Who Are We?
The Vanuatu Skills Partnership (TVET) is a dynamic co-investment between the Governments of Australia and Vanuatu for the continued development of the national skills system, in line with Vanuatu 2030 – the People’s Plan.
The Partnership aims to:
- improve the quality of local training delivery to better deliver the skills required for inclusive and sustainable private sector growth
- facilitate the recognition of these skills within the system, and in the region, for increased education pathways and labour mobility
Who Do We Support?
Under the Vanuatu Ministry of Education and Training, the Partnership supports the decentralised operation of provincial Skills Centres.
These Centres act as brokers between demand and supply – contracting local training providers and industry coaches to deliver skills that will lead to greater productivity, increased employment and successful entrepreneurship.
Training is planned and delivered through a collaboration with partner Government departments and co-financed through a national Skills Development Fund.
Core collaborative work streams include:
- Skills for Tourism – with the Department of Tourism and the Vanuatu Tourism Office
- Skills for Handicraft – with the Department of Industry
- Skills for Agribusiness – with the Department of Agriculture
- Skills for Providers – with local training providers
Our partnerships are wide-ranging; in addition to the above, our partners include provincial government, industry associations and local entrepreneurs, civil society bodies, and urban, rural and remote communities.
The new phase is designed to enhance levels of mutual accountability and co-contribution for the continued growth of an effective and inclusive national training system.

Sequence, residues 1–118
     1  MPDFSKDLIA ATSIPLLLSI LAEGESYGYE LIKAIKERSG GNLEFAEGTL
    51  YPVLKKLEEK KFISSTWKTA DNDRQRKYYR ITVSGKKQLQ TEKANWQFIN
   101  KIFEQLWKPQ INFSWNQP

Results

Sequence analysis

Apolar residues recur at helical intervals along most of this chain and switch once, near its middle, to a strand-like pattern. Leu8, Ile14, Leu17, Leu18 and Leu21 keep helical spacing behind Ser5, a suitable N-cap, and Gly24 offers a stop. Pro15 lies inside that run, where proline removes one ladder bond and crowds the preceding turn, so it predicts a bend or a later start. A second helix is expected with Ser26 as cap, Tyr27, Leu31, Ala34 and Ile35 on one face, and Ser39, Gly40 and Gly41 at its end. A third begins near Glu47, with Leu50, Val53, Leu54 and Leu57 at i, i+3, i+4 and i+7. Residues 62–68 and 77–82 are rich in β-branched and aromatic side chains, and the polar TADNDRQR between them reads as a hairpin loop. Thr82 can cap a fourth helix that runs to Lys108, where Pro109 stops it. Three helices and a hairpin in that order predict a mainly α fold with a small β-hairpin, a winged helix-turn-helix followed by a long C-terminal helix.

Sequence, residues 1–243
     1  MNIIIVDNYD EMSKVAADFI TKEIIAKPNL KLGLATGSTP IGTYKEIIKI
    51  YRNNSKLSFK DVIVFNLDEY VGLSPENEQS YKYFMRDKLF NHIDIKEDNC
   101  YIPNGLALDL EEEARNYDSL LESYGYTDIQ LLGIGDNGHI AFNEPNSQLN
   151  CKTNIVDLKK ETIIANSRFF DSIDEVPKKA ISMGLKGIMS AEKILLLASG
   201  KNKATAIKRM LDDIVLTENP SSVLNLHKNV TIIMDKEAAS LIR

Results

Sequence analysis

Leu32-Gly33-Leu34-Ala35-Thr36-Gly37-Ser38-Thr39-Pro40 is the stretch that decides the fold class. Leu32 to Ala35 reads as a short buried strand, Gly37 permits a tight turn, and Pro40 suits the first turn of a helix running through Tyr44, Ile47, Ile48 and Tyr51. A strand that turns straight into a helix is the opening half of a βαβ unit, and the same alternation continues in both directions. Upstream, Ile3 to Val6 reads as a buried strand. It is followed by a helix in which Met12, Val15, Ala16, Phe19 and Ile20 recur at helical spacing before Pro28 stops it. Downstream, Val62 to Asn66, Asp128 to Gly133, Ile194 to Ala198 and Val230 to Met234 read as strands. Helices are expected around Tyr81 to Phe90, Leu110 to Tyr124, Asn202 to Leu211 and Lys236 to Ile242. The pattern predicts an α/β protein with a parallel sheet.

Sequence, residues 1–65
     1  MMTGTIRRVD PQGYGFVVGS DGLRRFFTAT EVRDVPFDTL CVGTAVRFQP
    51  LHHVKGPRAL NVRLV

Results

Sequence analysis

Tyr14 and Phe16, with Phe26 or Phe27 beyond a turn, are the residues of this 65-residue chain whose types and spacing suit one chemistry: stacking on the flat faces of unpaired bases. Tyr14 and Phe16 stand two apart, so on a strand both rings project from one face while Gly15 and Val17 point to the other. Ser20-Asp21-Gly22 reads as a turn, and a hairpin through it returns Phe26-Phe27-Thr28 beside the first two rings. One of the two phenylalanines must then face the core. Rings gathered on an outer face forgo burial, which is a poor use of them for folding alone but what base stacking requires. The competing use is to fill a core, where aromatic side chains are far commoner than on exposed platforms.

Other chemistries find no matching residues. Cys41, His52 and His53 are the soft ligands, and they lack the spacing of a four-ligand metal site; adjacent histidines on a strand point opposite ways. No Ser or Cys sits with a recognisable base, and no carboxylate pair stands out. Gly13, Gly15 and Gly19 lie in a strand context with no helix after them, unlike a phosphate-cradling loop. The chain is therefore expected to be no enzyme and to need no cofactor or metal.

An Australian Government supported initiative, delivered in partnership with the Government of Vanuatu
The Partnership is not a ‘stand-alone’ aid program determined by outsiders; it is locally-led reform initiative with a deep respect for Melanesian leadership, culture and values.
It works within local structures and policies, and supports local agents for positive change in Vanuatu.
The approach also recognises that the skills sector can, and should, contribute not only to economic outcomes, but also to beneficial social and environmental outcomes.
Inclusion and equity are central to the approach of the Partnership. It actively supports achieving gender equality in ways which respect Melanesian culture and values.
The Partnership has a specific focus on supporting:
- women’s economic empowerment;
- women in leadership; and
- reducing vulnerability to gender-based violence.
Disability inclusion efforts by the Partnership are guided by the twin-track approach, which seeks to strengthen mainstream policies and programs so that they are disability inclusive, while at the same time strengthening disability specific supports.
The Partnership works closely with local stakeholders to ensure that people with disabilities can successfully participate within the national skills development system, with pathways to improved economic, social and cultural development opportunities.
The livelihoods and social structure of the ni-Vanuatu people are inextricably linked to the natural environment and its resource base. The Partnership works to mainstream climate change adaptation and mitigation through all Skills Centre activity and its support to training providers.